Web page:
A woman whose child was born as a result of a surrogacy is challenging the State's refusal to pay her maternity benefit.

The woman has brought a High Court action claiming the refusal to pay the maternity benefit amounts to unlawful discrimination. 

Her case is being supported by the Equality Authority.

The court was told the woman had to have an emergency hysterectomy a number of years ago after becoming seriously ill with cancer.

She and her husband wanted children and entered into an arrangement with a surrogate who agreed to be implanted with their genetic material which had been fertilised via IVF treatment.

The surrogate gave birth to the couple's daughter in a US state. 

The couple were registered on the child's birth certificate there as her legal and biological parents.

The woman's employer agreed she could take maternity leave.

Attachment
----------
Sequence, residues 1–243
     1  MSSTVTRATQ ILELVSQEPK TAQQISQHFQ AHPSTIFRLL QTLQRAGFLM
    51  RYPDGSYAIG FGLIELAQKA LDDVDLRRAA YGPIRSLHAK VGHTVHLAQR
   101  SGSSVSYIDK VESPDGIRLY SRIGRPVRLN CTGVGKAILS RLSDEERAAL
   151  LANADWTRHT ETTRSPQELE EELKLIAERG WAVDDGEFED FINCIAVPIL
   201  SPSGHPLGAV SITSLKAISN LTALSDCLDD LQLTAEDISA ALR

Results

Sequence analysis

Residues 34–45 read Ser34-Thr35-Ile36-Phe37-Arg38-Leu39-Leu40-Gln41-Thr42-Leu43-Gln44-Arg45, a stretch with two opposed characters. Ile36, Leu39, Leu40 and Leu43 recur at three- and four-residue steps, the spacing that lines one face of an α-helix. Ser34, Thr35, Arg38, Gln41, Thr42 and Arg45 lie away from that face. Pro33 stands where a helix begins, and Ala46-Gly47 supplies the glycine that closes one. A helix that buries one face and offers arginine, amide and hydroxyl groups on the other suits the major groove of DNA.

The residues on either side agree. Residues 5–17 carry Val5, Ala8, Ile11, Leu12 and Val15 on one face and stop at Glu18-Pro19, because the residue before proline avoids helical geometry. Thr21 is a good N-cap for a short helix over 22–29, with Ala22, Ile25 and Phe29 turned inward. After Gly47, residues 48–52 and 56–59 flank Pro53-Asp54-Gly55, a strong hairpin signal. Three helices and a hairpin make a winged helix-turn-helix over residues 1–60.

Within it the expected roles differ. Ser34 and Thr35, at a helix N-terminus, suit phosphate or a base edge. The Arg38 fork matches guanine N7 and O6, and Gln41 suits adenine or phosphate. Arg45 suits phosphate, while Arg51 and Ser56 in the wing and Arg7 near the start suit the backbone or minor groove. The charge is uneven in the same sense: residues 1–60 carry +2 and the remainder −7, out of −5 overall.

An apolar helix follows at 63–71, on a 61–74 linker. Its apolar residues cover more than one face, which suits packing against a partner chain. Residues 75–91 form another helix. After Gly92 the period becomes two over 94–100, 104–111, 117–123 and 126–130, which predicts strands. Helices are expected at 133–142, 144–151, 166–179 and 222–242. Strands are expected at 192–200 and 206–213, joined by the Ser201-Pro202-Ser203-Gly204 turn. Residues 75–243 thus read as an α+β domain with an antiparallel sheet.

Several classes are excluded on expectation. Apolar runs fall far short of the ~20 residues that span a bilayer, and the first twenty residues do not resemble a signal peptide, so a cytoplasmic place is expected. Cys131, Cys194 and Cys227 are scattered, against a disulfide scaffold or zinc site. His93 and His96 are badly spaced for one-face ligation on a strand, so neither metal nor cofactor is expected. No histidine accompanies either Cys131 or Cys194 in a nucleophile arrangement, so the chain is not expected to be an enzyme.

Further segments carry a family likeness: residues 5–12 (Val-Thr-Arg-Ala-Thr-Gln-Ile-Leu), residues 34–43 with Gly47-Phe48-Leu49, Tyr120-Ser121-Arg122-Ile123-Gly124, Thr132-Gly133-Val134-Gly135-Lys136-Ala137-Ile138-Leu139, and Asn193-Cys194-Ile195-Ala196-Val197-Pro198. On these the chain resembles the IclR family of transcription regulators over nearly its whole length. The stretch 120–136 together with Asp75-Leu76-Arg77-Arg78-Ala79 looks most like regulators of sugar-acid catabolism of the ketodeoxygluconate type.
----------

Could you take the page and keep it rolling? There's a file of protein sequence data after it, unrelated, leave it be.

The woman applied to the Department of Social Protection for the State allowance as her employer did not pay maternity benefit.

She was refused on the grounds she was not eligible.

The woman brought a complaint under the Equal Status Act to the Equality Tribunal.   

The tribunal and the circuit court rejected her complaint and she took High Court proceedings against the Minister for Social Protection.

Her senior counsel, Nuala Butler, told the court the woman was entitled to benefit because she was in the same position as any other mother who had given birth to, or adopted, a child and who wanted time to bond with that child.

She said the woman was being discriminated against on grounds of her family status, disability, and gender. 

The woman was in a comparative position to other mothers but was treated differently from them, she said.

Senior counsel for the minister, Gerard Durcan, said the claim related to the provision of a service. 

He said the woman had failed to make a case she was being treated less favourably than others in a position similar to her.

The case is continuing.